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The European Central Bank (ECB) released a digital currency report today. The report warned sternly that governments that stop implementing central bank digital currencies (CBDCs) could face threats to their financial systems and monetary autonomy.

 

 

What is a Central Bank Digital Currency (CBDC)?

CBDCs are digital versions of fiat currencies. When we look at the European Union, it is known that it will appear as a digital version of the euro. These coins are similar to stablecoins that are pegged at a 1:1 ratio to a fiat currency.

The report, titled “The Euro’s International Role in June 2021,” states that the risk of not launching a CBDC stems from concerns of “foreign tech giants potentially offering artificial currencies in the future.”

The report was not named, but is thought to imply the Diem Association, of which the ECB is Facebook’s main backer. Last month, the project said that a pilot version of the digital currency was on the way.

“The ability of central banks to fulfill their monetary policy mandate and their role as lender of last resort will be affected,” the report states.

Digital euro could threaten private banks

While the ECB sees a potential threat from big tech, private banks are equally threatened by the digital euro, said Pieter Cleppe, EU Policy Analyst at the Property Rights Alliance (PRA) and former Brussels Head of think tank Open Europe.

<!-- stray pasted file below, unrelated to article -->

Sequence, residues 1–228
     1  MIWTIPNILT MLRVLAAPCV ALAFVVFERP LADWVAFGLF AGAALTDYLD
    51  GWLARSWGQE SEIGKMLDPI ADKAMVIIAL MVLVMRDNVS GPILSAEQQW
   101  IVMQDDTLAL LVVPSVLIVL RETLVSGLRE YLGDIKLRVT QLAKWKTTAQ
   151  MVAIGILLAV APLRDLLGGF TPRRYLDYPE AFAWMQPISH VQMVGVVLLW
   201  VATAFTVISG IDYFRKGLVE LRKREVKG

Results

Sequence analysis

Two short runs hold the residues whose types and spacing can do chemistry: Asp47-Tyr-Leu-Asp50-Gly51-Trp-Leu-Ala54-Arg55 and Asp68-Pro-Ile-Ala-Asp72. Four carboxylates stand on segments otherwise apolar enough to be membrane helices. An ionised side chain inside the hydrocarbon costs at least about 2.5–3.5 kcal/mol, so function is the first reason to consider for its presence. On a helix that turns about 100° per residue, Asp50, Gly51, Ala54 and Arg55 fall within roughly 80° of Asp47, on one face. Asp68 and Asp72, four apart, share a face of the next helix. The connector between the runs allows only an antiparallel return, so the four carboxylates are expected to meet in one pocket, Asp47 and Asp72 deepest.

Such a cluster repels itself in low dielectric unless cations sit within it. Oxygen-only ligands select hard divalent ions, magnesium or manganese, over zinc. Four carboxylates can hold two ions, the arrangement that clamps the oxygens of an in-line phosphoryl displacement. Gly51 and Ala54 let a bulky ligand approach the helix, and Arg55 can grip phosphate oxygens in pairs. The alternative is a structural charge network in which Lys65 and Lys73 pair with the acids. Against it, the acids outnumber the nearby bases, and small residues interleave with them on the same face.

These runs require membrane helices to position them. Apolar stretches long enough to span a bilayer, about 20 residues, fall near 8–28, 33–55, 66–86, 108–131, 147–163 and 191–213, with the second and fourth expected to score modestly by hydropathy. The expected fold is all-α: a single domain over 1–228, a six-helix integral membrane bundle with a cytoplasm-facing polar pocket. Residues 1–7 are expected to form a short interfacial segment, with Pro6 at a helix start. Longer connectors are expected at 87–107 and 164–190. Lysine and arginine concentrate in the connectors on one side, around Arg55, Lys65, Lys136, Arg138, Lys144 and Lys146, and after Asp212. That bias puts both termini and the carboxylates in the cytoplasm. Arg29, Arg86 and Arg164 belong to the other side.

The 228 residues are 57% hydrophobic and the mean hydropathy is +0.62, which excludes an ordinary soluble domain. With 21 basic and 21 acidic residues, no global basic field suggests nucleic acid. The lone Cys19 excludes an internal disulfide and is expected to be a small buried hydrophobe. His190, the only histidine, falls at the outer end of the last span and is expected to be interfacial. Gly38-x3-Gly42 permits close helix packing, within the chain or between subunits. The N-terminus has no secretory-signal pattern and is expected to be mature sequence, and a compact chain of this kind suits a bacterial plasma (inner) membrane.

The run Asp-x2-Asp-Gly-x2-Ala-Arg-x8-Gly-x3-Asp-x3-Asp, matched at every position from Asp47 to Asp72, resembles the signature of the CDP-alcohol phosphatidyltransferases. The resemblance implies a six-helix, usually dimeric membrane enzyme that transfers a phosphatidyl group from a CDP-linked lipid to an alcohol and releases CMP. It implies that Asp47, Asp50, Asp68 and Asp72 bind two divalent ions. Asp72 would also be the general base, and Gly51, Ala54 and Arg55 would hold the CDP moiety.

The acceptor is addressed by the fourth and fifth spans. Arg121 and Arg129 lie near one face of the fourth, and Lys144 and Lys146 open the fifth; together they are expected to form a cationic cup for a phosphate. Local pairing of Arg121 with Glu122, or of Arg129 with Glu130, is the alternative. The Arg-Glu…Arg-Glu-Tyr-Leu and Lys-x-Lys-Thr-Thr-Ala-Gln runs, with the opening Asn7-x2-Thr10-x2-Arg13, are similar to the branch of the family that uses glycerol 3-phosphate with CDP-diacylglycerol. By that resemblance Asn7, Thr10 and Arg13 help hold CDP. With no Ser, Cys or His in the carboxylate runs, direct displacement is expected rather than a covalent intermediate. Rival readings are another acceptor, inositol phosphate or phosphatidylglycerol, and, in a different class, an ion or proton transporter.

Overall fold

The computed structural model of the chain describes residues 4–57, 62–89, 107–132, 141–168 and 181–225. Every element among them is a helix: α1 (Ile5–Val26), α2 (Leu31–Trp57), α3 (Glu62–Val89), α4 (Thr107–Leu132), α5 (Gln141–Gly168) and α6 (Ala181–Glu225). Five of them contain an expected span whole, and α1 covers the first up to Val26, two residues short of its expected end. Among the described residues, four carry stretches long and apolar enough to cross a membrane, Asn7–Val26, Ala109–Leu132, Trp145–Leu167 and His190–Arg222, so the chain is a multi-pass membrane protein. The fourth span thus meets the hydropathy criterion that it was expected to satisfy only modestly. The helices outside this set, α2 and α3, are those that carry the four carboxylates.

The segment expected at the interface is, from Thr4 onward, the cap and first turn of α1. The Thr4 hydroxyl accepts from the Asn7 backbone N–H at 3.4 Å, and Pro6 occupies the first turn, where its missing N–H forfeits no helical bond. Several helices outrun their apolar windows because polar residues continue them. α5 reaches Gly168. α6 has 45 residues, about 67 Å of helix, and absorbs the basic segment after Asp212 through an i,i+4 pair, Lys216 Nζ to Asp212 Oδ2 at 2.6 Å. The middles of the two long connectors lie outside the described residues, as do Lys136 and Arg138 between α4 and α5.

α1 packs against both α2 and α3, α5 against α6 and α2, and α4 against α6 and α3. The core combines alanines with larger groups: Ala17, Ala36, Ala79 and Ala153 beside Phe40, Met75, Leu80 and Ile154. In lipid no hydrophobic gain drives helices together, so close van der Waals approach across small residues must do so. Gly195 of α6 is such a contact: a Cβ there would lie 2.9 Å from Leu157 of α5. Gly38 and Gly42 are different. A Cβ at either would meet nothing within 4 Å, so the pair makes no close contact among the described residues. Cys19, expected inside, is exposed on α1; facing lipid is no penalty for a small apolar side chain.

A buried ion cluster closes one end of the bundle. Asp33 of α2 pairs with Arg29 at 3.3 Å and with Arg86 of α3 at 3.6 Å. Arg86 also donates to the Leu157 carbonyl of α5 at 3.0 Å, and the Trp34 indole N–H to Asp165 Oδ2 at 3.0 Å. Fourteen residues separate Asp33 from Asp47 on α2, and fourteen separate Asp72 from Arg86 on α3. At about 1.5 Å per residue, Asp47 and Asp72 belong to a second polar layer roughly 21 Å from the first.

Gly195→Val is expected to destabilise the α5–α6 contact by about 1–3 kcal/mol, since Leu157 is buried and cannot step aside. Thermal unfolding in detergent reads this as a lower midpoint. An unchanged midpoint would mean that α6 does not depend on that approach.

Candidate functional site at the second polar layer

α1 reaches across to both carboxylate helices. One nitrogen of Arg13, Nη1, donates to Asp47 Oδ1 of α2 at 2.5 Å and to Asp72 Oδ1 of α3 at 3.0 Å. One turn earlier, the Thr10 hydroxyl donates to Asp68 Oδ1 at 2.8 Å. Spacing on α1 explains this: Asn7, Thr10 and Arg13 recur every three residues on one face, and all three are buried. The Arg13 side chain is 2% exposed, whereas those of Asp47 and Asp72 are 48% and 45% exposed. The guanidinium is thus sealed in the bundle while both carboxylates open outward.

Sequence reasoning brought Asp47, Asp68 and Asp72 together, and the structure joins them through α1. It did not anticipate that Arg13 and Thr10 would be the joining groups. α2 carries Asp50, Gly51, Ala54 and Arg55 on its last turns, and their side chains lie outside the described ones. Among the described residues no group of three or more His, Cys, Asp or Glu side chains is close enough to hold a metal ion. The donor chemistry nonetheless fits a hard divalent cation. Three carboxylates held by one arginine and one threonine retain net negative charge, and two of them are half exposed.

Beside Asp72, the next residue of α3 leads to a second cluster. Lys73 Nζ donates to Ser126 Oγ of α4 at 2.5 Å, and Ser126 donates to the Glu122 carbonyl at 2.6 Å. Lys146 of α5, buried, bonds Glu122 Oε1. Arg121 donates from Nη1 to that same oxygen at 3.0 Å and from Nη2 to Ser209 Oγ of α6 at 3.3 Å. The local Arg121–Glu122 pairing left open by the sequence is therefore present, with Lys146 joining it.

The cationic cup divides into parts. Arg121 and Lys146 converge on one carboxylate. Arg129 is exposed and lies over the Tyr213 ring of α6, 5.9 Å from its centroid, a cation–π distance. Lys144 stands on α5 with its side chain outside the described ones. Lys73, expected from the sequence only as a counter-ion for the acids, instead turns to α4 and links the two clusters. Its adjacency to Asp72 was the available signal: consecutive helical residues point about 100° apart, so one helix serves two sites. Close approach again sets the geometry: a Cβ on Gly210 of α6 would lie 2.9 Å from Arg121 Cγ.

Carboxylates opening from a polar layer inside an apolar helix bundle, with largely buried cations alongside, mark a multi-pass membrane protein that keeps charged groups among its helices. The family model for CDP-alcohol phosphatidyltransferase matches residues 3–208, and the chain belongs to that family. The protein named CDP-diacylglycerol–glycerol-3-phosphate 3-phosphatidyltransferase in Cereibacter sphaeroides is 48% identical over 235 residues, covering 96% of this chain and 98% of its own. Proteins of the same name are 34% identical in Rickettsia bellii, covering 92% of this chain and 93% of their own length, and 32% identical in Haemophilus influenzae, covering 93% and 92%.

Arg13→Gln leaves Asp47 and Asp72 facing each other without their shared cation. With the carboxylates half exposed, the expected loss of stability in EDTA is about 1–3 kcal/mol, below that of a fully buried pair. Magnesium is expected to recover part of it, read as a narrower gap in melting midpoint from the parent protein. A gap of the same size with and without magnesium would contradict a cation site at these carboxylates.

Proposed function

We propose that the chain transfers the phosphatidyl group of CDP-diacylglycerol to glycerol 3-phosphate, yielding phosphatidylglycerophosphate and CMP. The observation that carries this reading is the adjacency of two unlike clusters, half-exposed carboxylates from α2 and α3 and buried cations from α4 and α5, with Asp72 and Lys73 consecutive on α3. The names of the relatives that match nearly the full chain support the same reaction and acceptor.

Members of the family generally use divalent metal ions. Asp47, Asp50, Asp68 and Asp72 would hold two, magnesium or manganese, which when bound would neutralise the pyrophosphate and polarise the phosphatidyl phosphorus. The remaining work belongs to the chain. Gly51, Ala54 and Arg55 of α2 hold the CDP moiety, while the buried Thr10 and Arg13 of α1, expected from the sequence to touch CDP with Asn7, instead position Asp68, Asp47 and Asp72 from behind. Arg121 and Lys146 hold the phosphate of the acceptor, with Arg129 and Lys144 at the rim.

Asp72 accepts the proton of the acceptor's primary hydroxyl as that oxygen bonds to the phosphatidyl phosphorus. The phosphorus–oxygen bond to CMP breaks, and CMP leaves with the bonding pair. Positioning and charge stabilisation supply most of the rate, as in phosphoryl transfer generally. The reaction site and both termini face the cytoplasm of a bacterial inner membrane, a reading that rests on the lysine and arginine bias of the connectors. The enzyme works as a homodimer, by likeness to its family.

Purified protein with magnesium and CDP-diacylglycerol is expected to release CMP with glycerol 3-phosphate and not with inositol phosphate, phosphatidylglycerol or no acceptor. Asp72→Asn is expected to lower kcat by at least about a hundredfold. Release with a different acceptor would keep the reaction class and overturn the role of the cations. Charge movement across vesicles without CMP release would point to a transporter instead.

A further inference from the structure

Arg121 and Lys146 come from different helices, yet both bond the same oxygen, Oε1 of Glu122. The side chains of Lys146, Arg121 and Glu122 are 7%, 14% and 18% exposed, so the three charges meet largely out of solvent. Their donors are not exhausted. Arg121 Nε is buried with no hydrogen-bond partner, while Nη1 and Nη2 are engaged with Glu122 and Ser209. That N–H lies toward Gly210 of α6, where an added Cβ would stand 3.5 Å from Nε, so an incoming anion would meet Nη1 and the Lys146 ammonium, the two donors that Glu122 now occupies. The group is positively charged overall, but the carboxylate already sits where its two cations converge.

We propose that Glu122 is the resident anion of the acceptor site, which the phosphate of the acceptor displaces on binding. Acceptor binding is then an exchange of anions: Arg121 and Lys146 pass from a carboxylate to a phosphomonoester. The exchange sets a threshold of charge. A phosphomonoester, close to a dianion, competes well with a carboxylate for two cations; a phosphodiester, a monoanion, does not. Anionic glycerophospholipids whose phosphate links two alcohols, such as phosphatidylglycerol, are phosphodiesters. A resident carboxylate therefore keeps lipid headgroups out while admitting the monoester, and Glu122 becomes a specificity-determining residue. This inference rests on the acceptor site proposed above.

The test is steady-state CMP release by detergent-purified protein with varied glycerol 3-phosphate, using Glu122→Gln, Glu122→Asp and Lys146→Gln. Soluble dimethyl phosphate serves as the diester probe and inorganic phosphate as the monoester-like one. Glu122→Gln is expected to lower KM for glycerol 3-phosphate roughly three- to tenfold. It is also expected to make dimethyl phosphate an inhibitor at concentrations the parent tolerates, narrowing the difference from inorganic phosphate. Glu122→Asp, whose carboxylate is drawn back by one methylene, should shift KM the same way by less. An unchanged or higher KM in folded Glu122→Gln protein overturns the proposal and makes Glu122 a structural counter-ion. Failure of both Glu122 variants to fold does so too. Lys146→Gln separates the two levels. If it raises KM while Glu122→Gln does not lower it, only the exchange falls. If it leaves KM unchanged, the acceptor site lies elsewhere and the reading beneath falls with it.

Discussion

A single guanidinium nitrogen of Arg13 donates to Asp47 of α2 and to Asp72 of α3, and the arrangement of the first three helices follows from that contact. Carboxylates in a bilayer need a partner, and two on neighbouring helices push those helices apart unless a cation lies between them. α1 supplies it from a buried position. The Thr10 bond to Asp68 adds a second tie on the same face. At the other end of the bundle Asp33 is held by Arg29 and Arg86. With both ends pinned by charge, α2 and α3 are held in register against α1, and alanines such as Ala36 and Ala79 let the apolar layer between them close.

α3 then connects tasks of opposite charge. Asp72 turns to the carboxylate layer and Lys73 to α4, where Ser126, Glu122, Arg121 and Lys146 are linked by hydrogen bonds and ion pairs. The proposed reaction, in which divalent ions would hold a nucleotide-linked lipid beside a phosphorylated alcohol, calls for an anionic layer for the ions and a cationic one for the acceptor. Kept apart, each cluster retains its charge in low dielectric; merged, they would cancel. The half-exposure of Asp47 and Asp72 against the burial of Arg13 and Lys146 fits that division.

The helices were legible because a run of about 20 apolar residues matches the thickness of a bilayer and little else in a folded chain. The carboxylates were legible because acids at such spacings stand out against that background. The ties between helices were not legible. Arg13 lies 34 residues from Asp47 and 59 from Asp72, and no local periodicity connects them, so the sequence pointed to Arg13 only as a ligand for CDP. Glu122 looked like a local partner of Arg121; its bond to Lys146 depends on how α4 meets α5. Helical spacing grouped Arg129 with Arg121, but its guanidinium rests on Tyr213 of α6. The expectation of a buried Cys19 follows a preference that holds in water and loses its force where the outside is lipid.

Cleppe told Decrypt:

“The digital euro will strengthen the role of the ECB in the banking system at the expense of private banks. Any monetary expansion will lead to much faster inflation. Because private banks will no longer prevent all that money from flowing into the real economy.”

Many governments are keenly interested in launching CBDCs because digital currencies make it easier to analyze financial transactions and distribute money more cheaply in times of crisis.

Here’s what Cleppe says about it:

“Just like China’s digital yuan, the ECB’s digital euro is ultimately for following users. However, this goes against the fundamental spirit of cryptocurrencies, which is essentially trying to free money from government control.”

Unlike cryptocurrencies, CBDCs are not typically intended to be on a decentralized blockchain as the central bank will seek to maintain clear authority over the ledgers. But the ECB has not yet decided on the technology choice.

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